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 Hollywood Shuffle
My Rating:

Just ever so close to wonderful!

Gooden Worsted's Bitable Bytes:
"The comedy . . . triggered a nicely somnambulant feeling in me."
"Its political message [is] completely valid."

  A Night at the Roxbury
My Rating:

You got to give them credit for trying!

Gooden Worsted's Bitable Bytes:
"It's worth seeing. . . ."
"This film tells the classic 'two stupid guys who fulfill their dream through a series of well-timed accidents' story!"
"The jokes are repeated for that 'feel-good' feeling!"

We're talking '80's, my friends. The time of Reaganomics, preppies, Hulk Hogan, and the Electric Boogaloo. Eddie Murphy was a relatively unknown cast member of Saturday Night Live. The Wayans Brothers were bit actors with a long road ahead. And Robert Townsend was the star black comic of the day. This is his film, a comedy about Hollywood, and it will take you back, brother, back to the '80s.

Rober Townsend plays the autobiographical Bobby Taylor, a fresh young actor trying desperately to leave his job at the wienie stand for a good movie role. A good role can make an actor's career and everyone in the film knows it. Eddie Murphy before Eddie Murphy, Bobby Taylor experiences a short list of events from audition to callback to offer to rehearsal about 30 minutes of story interspersed with glimpses into his rich fantasy life.

We see the black ex-Vietnam war mercenary, Rambro, the African American version of (ahem!) Sam Spade, the first black Superman, and more, all played by Townsend/ Taylor. The comedy is dated and triggered a nicely somnambulant feeling in me.

But the main thrust of the movie is its political message, simple, yet completely valid in my opinion: that Hollywood offers black actors a limited and limiting array of roles or did so in the early 80's. Drug pushers, pimps, prostitutes, and bad influences are the only roles there were. Heroes, even normal Jane's and Joe's who do right, were rarely played by blacks. The political message holds water, though now I can think of numerous examples of the opposite. Could the movie have had its desired effect? It's true that the Wayans went on to have their own television show and great successes at the box office. That doesn't make the video any less humdrum, but it does make it an interesting historical curio there's even break dancing.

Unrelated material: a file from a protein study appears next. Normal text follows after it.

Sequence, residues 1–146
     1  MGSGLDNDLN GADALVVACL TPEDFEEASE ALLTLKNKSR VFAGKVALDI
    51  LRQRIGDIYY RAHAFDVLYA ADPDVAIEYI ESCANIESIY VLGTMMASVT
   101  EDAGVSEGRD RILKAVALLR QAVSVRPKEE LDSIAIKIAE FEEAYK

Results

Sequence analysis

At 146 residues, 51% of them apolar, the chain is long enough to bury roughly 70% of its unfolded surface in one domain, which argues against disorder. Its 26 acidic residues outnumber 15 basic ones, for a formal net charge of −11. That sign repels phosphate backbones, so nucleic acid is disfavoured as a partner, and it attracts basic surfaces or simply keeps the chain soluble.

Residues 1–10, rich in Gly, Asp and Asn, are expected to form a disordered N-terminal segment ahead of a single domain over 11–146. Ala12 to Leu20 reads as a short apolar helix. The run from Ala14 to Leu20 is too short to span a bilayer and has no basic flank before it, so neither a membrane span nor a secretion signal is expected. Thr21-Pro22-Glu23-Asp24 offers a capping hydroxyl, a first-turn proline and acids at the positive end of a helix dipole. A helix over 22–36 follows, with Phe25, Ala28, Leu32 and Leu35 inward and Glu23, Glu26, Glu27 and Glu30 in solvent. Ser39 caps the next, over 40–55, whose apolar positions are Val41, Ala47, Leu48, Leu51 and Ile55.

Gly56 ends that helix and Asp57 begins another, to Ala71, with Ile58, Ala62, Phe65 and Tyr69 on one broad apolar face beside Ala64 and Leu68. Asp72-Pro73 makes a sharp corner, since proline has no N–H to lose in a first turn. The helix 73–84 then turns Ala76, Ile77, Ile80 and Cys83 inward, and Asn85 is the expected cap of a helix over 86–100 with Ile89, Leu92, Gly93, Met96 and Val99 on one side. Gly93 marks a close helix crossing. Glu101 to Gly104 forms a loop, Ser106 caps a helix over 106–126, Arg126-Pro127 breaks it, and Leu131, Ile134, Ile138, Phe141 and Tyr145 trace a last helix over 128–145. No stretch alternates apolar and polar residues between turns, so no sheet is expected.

For a real treat, though, I'd recommend Stormy Weather with Lena Horne, Cab Calloway, "Fats" Waller, Mr. Bojangles and more. The message is similar and the entertainment value has not faded from this 40's black-and-white classic.


Now that we've sipped a drought from the Reagan decade, let's pretend to sip another with A Night At the Roxbury. The two actors who created these roles on Saturday Night Live recreate Doug and Steve Bargusi (or something like that), two head-bobbing losers stuck in the 1980's club scene though it is now, clearly, more than a decade later. If you know SNL, then the pattern of beating the joke until it's good and dead, and then beating it two or three times more will be familiar turf for you. You'll also see Lorne Michaels' name all over the credits.

This film tells the classic "two pretty stupid guys who fulfill their singular dream through a series of well-timed accidents" story. The brothers start out by setting up their characters with very thorough rote. During act two, as you'd expect, things don't go so well, and the brothers have an argument. One of them is suckered into a marriage of convenience until the other one rescues him. The third act re-introduces the team of two, back and bad, and all the jokes are repeated again for that "feel-good" feeling. This may seem a vague structure to hang a full-length film upon, but it's filled in with head-bobbing, and more reprises of "Baby, Don't Hurt Me" than you could ever imagine possible a Hollywood record, no doubt!

The writers of this film have sagely averted the need for a sequel by allowing the film to quote itself endlessly. Gags from the first part of the movie are referenced again somewhere in the middle, and again near the end, and once again at the very end. If I haven't mentioned it, this film is repetitious. It's worth seeing if you've really seen every other film at your video store two or three times each (excluding anything by Oliver Stone).

Incidentally, I saw the shorter of the two brothers last weekend at Pike Street Market in Seattle. He was with a very tall blonde woman, and both were talking on cell phones as the crowd gave them a wide birth and snapped surreptitious photos of the demi-celebrity. Meanwhile, I bought some of the freshest, most flavorful tiger shrimp I've ever had.

Coming soon by request:


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